What care I how fair she be?

2 Were her tresses angel gold,
If a stranger may be bold,
Unrebuked, unafraid,
To convert them to a braid,
And with little more ado
Work them into bracelets, too;
If the mine be grown so free,
What care I how rich it be?

3 Were her hand as rich a prize
As her hairs, or precious eyes,
If she lay them out to take
Kisses, for good manners' sake,
And let every lover skip
From her hand unto her lip;
If she seem not chaste to me,
What care I how chaste she be?

4 No; she must be perfect snow,
In effect as well as show;
Warming but as snow-balls do,
Not like fire, by burning too;
But when she by change hath got
To her heart a second lot,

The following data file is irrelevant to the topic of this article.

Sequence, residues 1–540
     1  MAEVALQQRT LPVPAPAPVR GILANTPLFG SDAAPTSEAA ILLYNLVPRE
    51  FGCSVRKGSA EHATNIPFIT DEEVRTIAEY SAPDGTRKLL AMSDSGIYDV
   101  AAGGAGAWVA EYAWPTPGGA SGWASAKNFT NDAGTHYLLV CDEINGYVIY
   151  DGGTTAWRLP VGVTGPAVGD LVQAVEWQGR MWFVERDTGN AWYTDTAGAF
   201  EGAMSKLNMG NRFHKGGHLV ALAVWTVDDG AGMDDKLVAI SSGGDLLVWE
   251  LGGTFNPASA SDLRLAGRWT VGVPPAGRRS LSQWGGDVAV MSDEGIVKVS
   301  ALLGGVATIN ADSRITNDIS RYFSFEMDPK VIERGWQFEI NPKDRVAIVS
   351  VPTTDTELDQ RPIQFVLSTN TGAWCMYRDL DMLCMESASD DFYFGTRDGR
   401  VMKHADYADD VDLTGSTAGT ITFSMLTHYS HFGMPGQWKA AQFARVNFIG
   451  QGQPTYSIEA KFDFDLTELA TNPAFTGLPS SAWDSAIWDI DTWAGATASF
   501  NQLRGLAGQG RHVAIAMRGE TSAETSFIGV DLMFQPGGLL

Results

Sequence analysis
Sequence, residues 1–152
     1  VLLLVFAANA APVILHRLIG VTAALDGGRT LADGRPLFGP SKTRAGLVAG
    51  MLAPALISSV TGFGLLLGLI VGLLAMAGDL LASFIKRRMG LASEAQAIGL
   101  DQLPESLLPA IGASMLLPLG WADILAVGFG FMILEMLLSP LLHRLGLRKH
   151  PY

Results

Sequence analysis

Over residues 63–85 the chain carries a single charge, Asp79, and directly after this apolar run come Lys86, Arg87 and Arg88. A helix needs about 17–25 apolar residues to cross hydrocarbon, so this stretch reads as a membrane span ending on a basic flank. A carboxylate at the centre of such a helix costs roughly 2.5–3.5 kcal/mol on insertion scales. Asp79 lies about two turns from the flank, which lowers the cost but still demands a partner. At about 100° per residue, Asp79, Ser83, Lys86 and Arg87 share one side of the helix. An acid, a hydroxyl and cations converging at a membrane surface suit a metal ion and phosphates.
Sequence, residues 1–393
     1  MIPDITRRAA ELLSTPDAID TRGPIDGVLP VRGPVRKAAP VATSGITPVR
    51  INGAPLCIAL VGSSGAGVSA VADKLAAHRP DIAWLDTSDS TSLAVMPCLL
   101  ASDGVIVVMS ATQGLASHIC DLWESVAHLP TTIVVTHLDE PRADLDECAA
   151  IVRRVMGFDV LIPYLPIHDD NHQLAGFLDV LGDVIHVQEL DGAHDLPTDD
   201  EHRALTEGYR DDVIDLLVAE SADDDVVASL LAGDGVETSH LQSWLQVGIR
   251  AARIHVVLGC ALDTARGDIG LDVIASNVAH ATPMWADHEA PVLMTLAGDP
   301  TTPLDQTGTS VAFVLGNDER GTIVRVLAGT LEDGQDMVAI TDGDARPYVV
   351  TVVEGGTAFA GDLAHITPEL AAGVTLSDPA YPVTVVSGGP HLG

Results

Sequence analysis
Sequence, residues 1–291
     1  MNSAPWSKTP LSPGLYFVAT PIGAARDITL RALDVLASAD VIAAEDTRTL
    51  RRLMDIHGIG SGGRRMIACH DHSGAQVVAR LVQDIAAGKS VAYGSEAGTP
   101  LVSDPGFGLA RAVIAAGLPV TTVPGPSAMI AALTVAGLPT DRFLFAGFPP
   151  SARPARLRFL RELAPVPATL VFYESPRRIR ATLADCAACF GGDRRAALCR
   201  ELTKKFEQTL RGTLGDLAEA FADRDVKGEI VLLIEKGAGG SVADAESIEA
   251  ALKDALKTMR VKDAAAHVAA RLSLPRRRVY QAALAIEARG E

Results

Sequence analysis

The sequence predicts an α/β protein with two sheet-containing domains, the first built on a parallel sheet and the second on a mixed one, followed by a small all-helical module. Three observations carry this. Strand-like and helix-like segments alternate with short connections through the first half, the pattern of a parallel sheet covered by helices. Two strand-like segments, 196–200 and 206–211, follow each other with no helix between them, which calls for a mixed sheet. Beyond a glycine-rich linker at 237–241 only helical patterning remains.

Then if others share with me,
Farewell her, whate'er she be!


Joshua Sylvester is the next in the list of our imperfectly-known, but
real poets. Very little is known of his history. He was a merchant-
adventurer, and died at Middleburg, aged fifty-five, in 1618. He is said
to have applied, in 1597, for the office of secretary to a trading
company in Stade, and to have been, on this occasion, patronised by
the Earl of Essex. He was at one time attached to the English Court as
a pensioner of Prince Henry. He is said to have been driven abroad by
the severity of his satires. He seems to have had a sweet flow of
conversational eloquence, and hence was called 'The Silver-tongued.' He
was an eminent linguist, and wrote his dedications in various languages.
He published a large volume of poems, very unequal in their value, and
inserted in it 'The Soul's Errand,' with interpolations, as we have seen,